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MPs back new ‘no-fault’ divorce bill

Family Matters

The Divorce, Dissolution and Separation Bill has been backed by MPs at its second reading in the House of Commons.

The Bill was debated at a second reading on Monday 8 June 2020 and has now been committed to a Committee of the Whole House. This means the Bill is now one step closer to becoming law. Once the legislation receives royal assent, the reforms are likely to come into place in late 2021 following a period of implementation.

What is The Divorce, Dissolution and Separation Bill?

The new legislation aims to end the ‘blame game’ and reduce conflict between parties going through a divorce.

The new laws will mean that couples can jointly apply for divorce to be made stating an ‘irretrievable breakdown’, which is in contrast to the current laws that require one spouse to allege adultery, unreasonable behaviour or desertion.

At present, both parties must provide proof for an irretrievable breakdown of a marriage. The current laws also force spouses to evidence ‘unreasonable behaviour’ such as adultery, behaviour, and desertion to be the cause of the breakdown of the marriage.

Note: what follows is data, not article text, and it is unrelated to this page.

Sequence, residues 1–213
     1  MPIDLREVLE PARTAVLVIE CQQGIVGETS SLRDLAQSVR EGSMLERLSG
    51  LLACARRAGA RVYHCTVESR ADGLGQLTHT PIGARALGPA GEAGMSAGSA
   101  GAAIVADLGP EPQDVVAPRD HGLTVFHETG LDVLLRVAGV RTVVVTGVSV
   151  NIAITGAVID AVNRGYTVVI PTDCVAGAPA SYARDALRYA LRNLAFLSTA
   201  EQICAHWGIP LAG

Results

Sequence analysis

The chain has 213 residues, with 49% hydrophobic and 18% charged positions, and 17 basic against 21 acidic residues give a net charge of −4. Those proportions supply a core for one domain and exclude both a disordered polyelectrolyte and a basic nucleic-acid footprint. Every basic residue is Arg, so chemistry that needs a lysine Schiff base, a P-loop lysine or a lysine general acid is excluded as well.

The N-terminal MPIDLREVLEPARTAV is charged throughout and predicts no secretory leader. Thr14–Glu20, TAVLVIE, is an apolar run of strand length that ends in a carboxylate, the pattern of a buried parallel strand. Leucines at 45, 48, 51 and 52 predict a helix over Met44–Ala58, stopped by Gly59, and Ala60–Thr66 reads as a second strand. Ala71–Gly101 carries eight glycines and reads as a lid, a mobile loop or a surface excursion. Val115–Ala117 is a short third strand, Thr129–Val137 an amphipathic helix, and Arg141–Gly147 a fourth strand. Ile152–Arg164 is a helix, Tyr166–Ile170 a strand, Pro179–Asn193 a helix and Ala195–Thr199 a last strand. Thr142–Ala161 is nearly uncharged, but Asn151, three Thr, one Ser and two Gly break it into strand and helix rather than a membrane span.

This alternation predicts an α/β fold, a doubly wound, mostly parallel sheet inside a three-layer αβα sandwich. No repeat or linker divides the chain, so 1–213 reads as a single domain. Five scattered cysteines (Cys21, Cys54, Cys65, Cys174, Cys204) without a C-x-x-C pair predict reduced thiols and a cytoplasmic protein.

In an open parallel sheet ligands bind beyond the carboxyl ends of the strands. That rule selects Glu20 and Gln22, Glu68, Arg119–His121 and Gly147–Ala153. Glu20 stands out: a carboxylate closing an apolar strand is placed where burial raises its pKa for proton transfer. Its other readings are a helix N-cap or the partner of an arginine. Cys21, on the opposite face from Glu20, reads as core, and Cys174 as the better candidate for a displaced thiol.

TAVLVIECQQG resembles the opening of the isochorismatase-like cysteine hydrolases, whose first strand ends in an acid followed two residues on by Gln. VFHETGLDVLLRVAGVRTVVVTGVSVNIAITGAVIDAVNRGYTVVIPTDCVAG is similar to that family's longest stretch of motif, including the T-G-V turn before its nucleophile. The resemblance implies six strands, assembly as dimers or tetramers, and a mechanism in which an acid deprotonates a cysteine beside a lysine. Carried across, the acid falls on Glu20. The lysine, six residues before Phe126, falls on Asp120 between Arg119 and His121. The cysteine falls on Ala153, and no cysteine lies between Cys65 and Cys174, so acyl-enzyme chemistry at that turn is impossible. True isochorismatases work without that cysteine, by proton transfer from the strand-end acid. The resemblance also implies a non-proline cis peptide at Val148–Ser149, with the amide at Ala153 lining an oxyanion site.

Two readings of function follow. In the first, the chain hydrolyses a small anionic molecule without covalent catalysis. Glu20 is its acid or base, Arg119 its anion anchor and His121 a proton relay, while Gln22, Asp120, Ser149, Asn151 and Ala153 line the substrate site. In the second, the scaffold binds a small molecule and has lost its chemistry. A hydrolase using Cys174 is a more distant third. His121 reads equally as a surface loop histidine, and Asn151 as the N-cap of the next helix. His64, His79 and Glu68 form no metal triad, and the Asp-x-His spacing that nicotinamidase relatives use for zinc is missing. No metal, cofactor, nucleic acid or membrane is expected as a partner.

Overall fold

Alternatively, if this cannot be evidenced then both parties must be separated for at least two years if the other spouse consents to the divorce or five years if the other spouse does not consent.

Updating legal terminology

The new laws will also seek to ensure that the process is more understandable and will update Legal Terminologyterminology used, replacing the terms “decree nisi” and “decree absolute” with “conditional order” and “final order”. “Petitioners” will also become “applicants”.

The idea behind updating the terminology is to make the legal process more accessible to the public and ensure stages are understood and clear.

Time to reflect

In addition, the new legislation states there must be a minimum six month waiting period between the lodging of a petition to the divorce being made final.

This time will be given to couples to reflect and to better plan for their future before the divorce has been granted. Find out if the new Bill will affect the overall timescale of divorces in our article ‘Will Divorces under the Divorce, Dissolution and Separation Bill be quicker than they are currently?

When will the new Bill become law?

The Divorce, Dissolution and Separation Bill has passed through the Houses of Parliament to become an Act. The Bill was debated at second reading on Monday 8 June 2020 and has now been committed to a Committee of the Whole House.  The new law is likely to be in place by late 2021.

Read more about the new divorce laws Speak to a member of our family team

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